# Dirac delta, Fourier transform & exponentials

Consider the following equation/identity:

$$\int d^3x e^{i(\vec{p}+\vec{q})\cdot\vec{x}}=(2\pi)^3\delta^{(3)}(\vec{p}+\vec{q}).$$

I am trying to calculate some commuters I'm encountering in my first foray into canonical quantization, and I am struggling with applying this identity correctly.

1) Does the above identity apply the following? $$\int d^3x e^{-i(\vec{p}+\vec{q})\cdot\vec{x}}=(2\pi)^3\delta^{(3)}(\vec{p}+\vec{q}).$$

My professor answered this in class very quickly when I asked. Along the lines of, "you can just rescale $$x \rightarrow -x$$". I'm a bit concerned with the legitimacy of that.

2) How to workout the following equation using the above identity.

$$\int \frac{d^3 p}{(2\pi)^3} \frac{(-i)}{2} (-e^{i\vec{p}\cdot(\vec{x}-\vec{y})} -e^{i\vec{p}\cdot(\vec{y}-\vec{x})})=i\delta^{(3)}(\vec{x}-\vec{y}).$$

My classmate gave me the hint to "just break that expression up into two parts." I am not certain how to do this. But here is my own attempt!

Let's start by rearranging the identity to fit out purposes,

$$\int \frac{d^3p}{(2\pi)^3} e^{i(\vec{x}+\vec{y})\cdot\vec{p}}=\delta^{(3)}(\vec{x}+\vec{y}).$$

Does this imply the following?

$$\int \frac{d^3p}{(2\pi)^3} e^{i(\vec{x}-\vec{y})\cdot\vec{p}}=\delta^{(3)}(\vec{x}-\vec{y}).$$

Does the following equality hold?

$$-e^{i\vec{p}\cdot(\vec{y}-\vec{x})} =-e^{i\vec{p}\cdot(\vec{x}-\vec{y})}.$$

If those two are true (which I not immediately clear about), then I have it.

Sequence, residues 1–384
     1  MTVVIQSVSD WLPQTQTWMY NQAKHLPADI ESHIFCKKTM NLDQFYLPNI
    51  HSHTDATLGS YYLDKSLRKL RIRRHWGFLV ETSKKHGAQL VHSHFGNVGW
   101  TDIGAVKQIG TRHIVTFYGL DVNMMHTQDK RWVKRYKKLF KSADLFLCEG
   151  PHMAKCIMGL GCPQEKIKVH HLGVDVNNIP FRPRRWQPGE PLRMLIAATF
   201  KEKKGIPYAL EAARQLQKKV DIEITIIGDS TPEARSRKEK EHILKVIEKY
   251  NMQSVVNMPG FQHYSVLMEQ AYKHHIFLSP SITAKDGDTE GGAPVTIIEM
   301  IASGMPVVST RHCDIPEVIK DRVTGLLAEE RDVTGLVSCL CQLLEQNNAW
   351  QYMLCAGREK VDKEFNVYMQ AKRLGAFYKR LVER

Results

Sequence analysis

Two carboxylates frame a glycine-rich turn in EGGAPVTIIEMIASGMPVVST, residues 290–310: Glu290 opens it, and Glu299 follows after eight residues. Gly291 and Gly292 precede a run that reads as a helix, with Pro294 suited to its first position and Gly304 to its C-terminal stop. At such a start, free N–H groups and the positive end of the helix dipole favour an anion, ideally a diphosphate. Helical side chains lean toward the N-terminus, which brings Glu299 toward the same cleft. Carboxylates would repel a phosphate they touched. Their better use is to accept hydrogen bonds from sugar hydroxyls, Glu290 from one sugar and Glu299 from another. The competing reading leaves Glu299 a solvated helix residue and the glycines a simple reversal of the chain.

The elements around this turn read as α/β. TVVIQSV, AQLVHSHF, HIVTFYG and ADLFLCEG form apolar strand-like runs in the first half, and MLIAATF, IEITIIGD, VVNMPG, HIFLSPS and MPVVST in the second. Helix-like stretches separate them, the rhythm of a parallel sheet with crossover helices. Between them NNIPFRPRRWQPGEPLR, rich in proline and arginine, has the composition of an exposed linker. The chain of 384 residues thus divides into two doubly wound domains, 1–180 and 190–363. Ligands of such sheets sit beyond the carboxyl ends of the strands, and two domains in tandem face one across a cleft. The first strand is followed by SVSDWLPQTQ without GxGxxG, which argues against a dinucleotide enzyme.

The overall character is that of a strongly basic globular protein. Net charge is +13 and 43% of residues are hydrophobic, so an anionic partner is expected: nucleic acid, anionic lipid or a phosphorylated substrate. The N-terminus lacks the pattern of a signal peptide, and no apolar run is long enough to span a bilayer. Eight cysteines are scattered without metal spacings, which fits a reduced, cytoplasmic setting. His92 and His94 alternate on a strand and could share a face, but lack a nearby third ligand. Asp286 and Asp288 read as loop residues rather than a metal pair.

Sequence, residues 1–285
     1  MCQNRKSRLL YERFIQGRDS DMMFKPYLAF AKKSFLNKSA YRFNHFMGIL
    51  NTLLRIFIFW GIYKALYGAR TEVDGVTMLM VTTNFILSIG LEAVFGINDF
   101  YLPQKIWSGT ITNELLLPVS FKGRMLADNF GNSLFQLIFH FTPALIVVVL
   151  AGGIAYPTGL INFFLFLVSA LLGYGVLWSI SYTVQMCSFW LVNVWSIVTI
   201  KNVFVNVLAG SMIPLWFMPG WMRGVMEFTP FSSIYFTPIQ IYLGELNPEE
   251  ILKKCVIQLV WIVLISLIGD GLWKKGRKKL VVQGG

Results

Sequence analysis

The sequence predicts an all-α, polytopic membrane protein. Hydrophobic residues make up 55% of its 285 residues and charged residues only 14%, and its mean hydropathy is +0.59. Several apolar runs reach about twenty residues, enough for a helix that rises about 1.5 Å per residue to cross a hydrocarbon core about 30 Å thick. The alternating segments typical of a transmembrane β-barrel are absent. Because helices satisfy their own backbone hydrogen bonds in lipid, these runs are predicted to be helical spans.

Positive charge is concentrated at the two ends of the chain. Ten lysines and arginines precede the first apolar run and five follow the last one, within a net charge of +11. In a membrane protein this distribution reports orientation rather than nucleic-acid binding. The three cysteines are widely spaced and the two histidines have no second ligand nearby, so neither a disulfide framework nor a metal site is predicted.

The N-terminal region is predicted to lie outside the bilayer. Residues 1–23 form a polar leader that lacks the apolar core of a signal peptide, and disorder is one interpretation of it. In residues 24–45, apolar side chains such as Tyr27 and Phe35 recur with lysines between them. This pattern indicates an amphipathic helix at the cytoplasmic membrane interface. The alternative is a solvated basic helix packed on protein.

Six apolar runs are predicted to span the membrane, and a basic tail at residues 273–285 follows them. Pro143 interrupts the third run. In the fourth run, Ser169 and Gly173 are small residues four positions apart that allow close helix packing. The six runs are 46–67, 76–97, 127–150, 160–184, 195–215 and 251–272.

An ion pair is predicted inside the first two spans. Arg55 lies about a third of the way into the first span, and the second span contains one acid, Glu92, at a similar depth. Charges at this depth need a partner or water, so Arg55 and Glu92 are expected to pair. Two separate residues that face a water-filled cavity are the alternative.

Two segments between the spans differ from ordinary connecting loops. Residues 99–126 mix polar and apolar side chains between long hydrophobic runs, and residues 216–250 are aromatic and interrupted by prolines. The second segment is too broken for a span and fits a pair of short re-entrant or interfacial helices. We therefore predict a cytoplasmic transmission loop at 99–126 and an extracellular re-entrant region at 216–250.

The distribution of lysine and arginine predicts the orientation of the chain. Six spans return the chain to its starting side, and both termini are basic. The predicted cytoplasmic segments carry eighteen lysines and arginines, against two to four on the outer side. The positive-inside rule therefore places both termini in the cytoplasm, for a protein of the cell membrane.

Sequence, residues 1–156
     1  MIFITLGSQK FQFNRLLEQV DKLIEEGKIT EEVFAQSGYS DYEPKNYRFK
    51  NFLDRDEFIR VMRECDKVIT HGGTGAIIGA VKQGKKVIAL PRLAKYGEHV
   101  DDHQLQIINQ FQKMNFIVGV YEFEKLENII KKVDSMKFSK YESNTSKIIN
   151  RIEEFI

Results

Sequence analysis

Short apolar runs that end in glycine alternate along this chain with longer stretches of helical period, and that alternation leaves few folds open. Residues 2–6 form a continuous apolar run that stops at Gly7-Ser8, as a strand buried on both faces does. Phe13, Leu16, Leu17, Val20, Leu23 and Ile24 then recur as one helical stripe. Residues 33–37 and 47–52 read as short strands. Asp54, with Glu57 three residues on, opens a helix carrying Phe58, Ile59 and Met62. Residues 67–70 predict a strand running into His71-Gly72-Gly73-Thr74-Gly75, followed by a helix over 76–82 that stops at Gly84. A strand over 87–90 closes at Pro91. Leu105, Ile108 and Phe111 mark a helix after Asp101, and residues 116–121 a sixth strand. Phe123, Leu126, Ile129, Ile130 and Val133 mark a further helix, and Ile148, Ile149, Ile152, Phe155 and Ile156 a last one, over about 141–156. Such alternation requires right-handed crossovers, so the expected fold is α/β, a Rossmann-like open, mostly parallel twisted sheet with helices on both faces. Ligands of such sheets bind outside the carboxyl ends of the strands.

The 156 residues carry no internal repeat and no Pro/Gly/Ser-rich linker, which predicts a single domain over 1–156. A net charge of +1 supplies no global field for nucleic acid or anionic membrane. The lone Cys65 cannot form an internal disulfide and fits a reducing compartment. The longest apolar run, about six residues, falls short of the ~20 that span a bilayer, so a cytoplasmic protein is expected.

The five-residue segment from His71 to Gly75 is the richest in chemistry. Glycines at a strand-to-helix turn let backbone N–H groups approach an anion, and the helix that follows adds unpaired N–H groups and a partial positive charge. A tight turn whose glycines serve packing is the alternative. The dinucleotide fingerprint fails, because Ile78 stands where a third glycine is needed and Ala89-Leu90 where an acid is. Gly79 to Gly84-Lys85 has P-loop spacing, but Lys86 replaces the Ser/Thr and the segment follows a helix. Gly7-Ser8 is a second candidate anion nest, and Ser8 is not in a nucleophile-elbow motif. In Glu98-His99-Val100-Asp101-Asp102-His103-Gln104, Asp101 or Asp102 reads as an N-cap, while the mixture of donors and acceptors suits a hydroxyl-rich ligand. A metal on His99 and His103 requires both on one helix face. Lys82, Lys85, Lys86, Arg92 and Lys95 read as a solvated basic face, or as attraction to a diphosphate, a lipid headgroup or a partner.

Can I get some insights on the properties of the exponential function that I'm dancing around here?

2. The first equality holds by trivially substituting $$-\vec y$$ for $$\vec y$$ in the preceding expression. The second is generically not true; however, you can do the two integrals separately, and since they are equal (as per your first question) the result is straightforward.
• 1 and 2) How is it that $$\int e^{i a x} dx = \int e^{-i a x} dx?$$ It is not at all clear to me that (even though the substitutions don't involve the variables of integration) you can just change the expression and get the exact same answer. – Lopey Tall Feb 18 at 10:08
• 2) I am not clear one what you mean by "the two integrals." It can't be that that $$\int e^4x e^{x^2} dx = \int e^4x dx \int e^{x^2} dx$$ can it? Notably, where did the second $\int$ and $dx$ come from? The following is fine with me, $$\int e^4x e^2y dx dy = \int e^4x dx \int e^2y dy$$ but I'm not sure the same can be done in the former case... – Lopey Tall Feb 18 at 10:09
• 1) Presumably you know how to do variable substitution. If you perform the trivial substitution $x \leftrightarrow -x$ in that integral, you will find your answer. 2) $\int e^{iax} + e^{-iax} \ dx = \int e^{iax} dx + \int e^{-iax} dx$. – J. Murray Feb 18 at 12:41